He loved movies. He loved the ones about police in the whitey countries, their techniques and forensic things. Profiling criminals and finger printing everyone.
Here in Nigeria…,pfft.
He was making a lot of money too. Two jeeps in 6 months. His bank account would soon become suspicious.
But sometimes he dreams. About the girls.
Wicked dreams, nightmares, where they all come for him, all of them naked; dark holes where their eyes; their pores oozes blood. They encircled him, arms, like beggars were outstretched, only those eyes aren’t begging, they are demanding, exacting, requiring…
And then he would wake up as though from drowning and out of breath.
Then he prays.
Last week he took his new baby to the church for dedication. The pastor prophesied great things about their new baby boy. And about him too.
He was already doing great things, wasn’t he?
Then the pastor further favoured him with more prayers after he pushed a bulky envelope surreptitiously into the pastors left pocket. They both shared a furtive look, his of appreciation, the pastors a mixture of approval and piety.
“No evil shall befall you…” The robed man murmured, his sweaty forefinger making the sign of the cross across the mans forehead.
“…no evil, from your mother side, your father side…”
Evil. He feared no evil. He was the bringer of damnation.
His only fear were his dreams.
In his dreams the girls weren’t humane any longer. They were bloodied zombies. Hideous effigies from a forbidden and hellish place inside his soul.
The dreams were driving him insane, to more viciousness. The venom of it was inside of him, not just a seed of barbaric thoughts, it was past that.
It was a poison in his blood stream, coursing through it like a virulence. Perhaps they don’t die. So they pursue him into his sleep seeking vengeance. No gravity in there, no traction. He floats towards their blood dripping fingers. Someday they will get him, he knows.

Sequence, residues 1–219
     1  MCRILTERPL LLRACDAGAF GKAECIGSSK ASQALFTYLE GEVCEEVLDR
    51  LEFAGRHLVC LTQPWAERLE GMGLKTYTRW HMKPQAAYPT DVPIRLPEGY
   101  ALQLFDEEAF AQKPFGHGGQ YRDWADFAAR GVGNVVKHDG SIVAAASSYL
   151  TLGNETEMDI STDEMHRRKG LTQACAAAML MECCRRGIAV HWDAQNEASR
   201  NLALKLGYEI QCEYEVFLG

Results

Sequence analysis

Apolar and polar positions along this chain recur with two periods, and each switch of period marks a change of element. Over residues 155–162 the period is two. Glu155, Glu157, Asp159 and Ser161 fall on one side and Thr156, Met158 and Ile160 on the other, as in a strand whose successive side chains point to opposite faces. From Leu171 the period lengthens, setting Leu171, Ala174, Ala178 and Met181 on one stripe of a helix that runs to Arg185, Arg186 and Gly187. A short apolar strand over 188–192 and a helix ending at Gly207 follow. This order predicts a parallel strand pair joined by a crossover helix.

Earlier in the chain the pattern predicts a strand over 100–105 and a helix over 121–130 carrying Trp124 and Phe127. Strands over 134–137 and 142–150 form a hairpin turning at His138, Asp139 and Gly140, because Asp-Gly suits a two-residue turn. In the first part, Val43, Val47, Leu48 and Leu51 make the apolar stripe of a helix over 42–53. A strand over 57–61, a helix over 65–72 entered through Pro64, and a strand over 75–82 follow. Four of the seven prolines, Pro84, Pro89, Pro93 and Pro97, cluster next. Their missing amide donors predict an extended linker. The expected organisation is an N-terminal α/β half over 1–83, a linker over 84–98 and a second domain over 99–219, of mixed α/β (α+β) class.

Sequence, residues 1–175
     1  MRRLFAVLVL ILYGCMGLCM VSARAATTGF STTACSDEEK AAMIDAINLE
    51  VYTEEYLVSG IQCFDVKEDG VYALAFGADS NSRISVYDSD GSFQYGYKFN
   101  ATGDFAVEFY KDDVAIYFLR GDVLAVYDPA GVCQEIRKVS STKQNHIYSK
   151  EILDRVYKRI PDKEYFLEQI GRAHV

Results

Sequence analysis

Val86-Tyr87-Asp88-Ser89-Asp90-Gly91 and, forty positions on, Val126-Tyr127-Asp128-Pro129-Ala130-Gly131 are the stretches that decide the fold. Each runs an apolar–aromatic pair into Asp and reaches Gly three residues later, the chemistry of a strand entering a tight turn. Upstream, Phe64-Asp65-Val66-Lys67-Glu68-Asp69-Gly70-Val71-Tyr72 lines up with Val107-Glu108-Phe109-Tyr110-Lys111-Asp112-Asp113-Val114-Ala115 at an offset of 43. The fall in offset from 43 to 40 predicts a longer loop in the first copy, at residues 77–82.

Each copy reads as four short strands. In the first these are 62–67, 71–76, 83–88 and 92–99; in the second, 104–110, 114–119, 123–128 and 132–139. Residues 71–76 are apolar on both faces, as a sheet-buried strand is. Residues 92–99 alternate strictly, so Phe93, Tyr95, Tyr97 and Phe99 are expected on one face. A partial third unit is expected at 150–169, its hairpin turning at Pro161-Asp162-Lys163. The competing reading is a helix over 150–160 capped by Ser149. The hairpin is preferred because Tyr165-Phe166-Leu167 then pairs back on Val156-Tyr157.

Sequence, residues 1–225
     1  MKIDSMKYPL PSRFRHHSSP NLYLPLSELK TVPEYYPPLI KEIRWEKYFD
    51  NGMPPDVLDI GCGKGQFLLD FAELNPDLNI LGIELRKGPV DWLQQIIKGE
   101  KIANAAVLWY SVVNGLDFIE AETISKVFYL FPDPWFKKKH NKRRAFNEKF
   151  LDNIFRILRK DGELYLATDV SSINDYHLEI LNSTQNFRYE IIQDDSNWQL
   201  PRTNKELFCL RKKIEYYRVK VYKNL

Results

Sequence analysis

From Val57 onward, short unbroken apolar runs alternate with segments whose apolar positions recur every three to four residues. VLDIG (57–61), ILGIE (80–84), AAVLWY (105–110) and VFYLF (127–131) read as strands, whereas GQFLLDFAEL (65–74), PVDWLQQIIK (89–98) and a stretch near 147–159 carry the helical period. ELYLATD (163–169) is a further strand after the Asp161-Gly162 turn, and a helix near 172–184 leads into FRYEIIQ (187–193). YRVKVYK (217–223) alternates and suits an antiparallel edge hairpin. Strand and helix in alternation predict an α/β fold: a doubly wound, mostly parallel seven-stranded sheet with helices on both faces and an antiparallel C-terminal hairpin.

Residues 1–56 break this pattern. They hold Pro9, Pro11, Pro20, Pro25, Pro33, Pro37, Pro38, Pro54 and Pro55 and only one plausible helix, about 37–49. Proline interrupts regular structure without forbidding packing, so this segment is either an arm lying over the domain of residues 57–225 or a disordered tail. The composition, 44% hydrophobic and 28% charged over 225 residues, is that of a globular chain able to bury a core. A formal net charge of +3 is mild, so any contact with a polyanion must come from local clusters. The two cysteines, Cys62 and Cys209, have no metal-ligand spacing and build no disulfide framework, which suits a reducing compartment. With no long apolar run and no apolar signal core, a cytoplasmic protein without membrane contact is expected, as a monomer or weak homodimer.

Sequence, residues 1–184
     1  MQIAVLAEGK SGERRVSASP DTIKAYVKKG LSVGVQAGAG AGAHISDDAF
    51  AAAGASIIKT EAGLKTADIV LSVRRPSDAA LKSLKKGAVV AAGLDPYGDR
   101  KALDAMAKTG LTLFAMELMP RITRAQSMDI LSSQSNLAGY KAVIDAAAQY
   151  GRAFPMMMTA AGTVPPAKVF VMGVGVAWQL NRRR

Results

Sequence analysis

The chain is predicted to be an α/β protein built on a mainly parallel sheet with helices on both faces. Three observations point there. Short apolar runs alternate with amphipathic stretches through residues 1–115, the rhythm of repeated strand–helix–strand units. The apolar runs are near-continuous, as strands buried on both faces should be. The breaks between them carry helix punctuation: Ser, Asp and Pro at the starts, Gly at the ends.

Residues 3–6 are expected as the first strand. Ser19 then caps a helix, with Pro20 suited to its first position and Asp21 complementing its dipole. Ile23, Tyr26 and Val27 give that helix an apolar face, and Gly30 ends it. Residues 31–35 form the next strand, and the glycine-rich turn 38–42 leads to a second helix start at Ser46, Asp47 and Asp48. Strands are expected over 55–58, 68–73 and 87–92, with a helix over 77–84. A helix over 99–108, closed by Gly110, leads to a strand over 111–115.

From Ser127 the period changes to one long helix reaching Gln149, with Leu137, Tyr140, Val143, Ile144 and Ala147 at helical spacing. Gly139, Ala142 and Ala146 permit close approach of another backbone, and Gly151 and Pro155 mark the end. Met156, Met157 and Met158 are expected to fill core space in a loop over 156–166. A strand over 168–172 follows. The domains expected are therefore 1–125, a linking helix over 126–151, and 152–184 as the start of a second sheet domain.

But until then the money pours in. The money comes in.
From Oropo to Ughelli’s main market is not very far. It took him less than an hour with his motorcycle.
The market was already busy. That wasn’t going to be a problem. It had never been. He checked his Rolex. 9:45am. Good.
He rode his bike in a rather too slow manner down the narrow road that cuts the market in two unequal halves, calculating, weighing odds, figuring. No one paid attention to him as he observed the stores. There were motorcycles everywhere so he wasn’t out of place.
He pushed his fear aside. He shoved it actually. Fowls didn’t need toothpicks, he mused.
Then he saw the girl. He found his mark, his score.
They say the divide between being alive and being dead is very thin, yet there is a moment, that incandescent brief instant in time when the crossover occurs.
It is a twinkle. Of conclusion, a point of no return when a victim meets their nemesis and they must both work out the outcome of their encounter.
The resolution that leads to this confluence, the actions and omissions in all their nuances, all muddled up to make that divide all the more untraceable.
Joy sat just inside the entrance of the store. She was going through sales from the previous day in a worn note book.
She had both her face and attention in it. Sales has not been very good since the beginning of the quarter of the year. That was the economy in fits.
No matter how bad the economy though, people still shopped for baby things. It was something of a preoccupation for Ughelli people to have children almost every year. It was why the madam went into the business of baby stuff.
Her face buried in the ledgers, her thoughts somewhere below that, telling herself there had being no customers all morning. She was so lost in thoughts cum concentration that she did not notice the tall figure as it entered the store.
Somewhere close by, Fego was being held up by a former girlfriend.
Her name was Chioma, a mute like Fego who sold okra and vegetables.